Just recently, diesel marketers warned that the price of diesel could rise to N1,500/litre citing the increasing global oil price, the effect of the Russian Ukraine war and a general supply gridlock across the world. Diesel prices immediately rose to N800/litre from about N650/litre in May. Diesel prices, which used to be N350/litre has more than doubled in prices in the last few weeks.
The resultant effect on prices of goods and services is now evident as trucks that consume food items and other goods are now charging double for delivery, while wholesalers and retailers transfer the burden to consumers.
In Nigeria, small and medium businesses depend on power to carry out their operations, however the unavailability of power and the over reliance on generating sets have mounted more pressure on inflation.
The national grid has collapsed many times in 2022, leading to consistent darkness as distribution companies cry over insufficient energy allotted to them to distribute.
Also, there are indications that electricity prices are also likely to be increased as another tariff review approaches in the next few months. Tariffs have more than doubled in the last two years for Nigerians even as power supply remains epileptic.
The inflation figures currently seen in the country is a red flag indicating that all is not well with the exchange rate crossed N600/$1 which was the first time in Nigeria’s history that the exchange rate had crossed N600/$1 widening the disparity with the official rate to about N180/$1.
This has also had a devastating effect on Nigerian Stocks which are currently down 5.3 percent month to date and on track to close the month in losses.
Also, over N2 trillion has been pumped into treasury bills despite the negative real return of the interest rates suggesting that investors are flying to the safety of government-backed securities.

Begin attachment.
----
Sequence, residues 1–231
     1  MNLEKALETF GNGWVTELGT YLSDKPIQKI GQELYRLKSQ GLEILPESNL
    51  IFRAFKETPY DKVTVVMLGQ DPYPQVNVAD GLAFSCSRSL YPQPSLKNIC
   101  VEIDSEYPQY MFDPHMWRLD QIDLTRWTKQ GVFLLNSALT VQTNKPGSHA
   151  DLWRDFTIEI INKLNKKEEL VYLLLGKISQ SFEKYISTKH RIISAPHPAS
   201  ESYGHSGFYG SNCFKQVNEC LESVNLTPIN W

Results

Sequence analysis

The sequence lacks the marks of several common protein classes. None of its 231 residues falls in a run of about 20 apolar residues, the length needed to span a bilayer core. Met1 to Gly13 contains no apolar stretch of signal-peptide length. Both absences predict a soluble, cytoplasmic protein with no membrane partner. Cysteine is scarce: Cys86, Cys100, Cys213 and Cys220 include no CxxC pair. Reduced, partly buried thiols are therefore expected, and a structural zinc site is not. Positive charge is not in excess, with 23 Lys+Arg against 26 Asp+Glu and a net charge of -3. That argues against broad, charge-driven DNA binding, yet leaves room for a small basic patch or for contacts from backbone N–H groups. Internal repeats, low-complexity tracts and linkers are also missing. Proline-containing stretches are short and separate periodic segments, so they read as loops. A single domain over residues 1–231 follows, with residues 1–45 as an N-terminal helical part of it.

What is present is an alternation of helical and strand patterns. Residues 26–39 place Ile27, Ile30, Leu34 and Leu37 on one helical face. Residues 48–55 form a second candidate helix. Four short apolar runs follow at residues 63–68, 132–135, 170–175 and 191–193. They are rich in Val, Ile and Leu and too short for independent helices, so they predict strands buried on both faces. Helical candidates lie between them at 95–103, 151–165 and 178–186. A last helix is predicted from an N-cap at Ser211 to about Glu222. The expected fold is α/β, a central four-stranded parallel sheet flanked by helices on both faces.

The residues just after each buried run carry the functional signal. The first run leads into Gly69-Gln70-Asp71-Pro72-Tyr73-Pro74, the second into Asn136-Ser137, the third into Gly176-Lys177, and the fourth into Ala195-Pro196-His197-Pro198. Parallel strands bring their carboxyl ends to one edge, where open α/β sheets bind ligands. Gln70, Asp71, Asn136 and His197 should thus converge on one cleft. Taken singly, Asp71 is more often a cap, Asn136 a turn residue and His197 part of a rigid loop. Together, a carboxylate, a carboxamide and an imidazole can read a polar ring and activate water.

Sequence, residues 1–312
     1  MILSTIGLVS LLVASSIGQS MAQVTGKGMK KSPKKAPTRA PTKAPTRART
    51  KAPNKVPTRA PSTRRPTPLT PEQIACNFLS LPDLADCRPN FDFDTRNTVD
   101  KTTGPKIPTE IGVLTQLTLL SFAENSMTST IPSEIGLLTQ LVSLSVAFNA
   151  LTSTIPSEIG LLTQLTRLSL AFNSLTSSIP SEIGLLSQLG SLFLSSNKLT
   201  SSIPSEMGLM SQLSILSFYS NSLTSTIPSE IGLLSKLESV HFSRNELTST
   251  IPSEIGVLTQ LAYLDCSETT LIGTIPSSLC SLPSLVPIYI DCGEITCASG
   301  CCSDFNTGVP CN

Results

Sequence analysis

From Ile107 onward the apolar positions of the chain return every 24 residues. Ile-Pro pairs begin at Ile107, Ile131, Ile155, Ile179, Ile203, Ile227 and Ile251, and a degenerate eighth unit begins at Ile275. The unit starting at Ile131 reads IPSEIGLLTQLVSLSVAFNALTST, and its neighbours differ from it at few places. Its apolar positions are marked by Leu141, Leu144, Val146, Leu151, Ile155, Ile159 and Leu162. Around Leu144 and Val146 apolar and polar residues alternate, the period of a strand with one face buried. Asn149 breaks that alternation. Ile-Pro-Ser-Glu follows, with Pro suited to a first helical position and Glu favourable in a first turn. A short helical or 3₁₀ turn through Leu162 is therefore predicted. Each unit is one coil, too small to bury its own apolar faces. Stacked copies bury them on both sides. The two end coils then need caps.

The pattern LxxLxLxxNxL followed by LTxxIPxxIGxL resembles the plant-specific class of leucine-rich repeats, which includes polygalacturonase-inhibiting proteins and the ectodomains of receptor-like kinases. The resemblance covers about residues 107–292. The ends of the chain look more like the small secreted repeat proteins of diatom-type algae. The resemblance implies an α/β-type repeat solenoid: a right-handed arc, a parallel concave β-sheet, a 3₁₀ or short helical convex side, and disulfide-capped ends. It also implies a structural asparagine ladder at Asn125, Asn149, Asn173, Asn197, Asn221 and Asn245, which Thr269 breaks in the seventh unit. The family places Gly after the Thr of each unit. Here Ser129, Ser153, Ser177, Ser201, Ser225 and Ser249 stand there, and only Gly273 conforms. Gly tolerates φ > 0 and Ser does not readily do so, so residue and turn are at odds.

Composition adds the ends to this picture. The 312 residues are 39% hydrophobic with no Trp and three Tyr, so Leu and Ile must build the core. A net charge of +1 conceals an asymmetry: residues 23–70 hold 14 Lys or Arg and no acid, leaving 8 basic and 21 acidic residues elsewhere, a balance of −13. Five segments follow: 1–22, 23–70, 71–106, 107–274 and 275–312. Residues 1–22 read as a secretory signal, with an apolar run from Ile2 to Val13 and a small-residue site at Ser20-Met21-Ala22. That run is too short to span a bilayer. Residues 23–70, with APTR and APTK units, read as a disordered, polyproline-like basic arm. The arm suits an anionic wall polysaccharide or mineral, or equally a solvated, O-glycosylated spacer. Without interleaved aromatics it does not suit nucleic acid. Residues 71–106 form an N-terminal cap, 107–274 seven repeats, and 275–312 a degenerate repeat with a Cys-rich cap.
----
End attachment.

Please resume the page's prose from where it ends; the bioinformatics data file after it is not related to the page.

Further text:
The implementation however is not only in Nigeria alone as events across the global economy are also pointing to a possible global economic contraction.
Some analysts are already predicting a global recession that could trigger a major financial crisis, especially in Western economies. Already, the impact of rising inflation in the west has led to record increases in interest rates in the US, EU and UK forcing a market sell-off that has rocked cryptocurrencies and equities.
This implies that it will force companies to increase their prices, even further stifling demand for goods and services as the purchasing power of Nigerians gets decimated. The exchange rate could fall to N700/$1 much sooner than we expect and yet remain scarce to find. As companies struggle amidst waning demand, they could be forced to cut their losses by downsizing, triggering mass unemployment.
What monetary authorities can do
Financial analysts are already projecting that with the high rate of inflation, Nigeria could be headed for hard economic crisis riddled by the high cost of goods and services and a contracting economic growth rate if it does not take urgent steps to address the situation.
A financial expert, Musa Jauro said “Large Eurobond offering might help soften the challenges even though this will also come at a cost especially if we do not find the revenues to pay for it in future.”
He added that “Nigeria can also run cap in hand to the IMF and World Bank to raise forex, especially via fresh multilateral loans. This will come at a significant cost and conditions, one of which might be to fully deregulate the downstream sector (removing subsidy) and allowing the naira to float. As we have seen with Ghana, this option is great for markets but not a silver bullet. It comes with considerable pain except that it is one that leads to a cure of the disease.”